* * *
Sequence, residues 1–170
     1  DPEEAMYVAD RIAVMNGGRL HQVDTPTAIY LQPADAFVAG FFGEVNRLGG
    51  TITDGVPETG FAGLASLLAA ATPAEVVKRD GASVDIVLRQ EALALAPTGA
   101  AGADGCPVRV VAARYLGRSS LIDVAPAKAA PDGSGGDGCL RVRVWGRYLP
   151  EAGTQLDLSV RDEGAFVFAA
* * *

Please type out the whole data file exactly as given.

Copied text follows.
Sequence, residues 1–170
     1  DPEEAMYVAD RIAVMNGGRL HQVDTPTAIY LQPADAFVAG FFGEVNRLGG
    51  TITDGVPETG FAGLASLLAA ATPAEVVKRD GASVDIVLRQ EALALAPTGA
   101  AGADGCPVRV VAARYLGRSS LIDVAPAKAA PDGSGGDGCL RVRVWGRYLP
   151  EAGTQLDLSV RDEGAFVFAA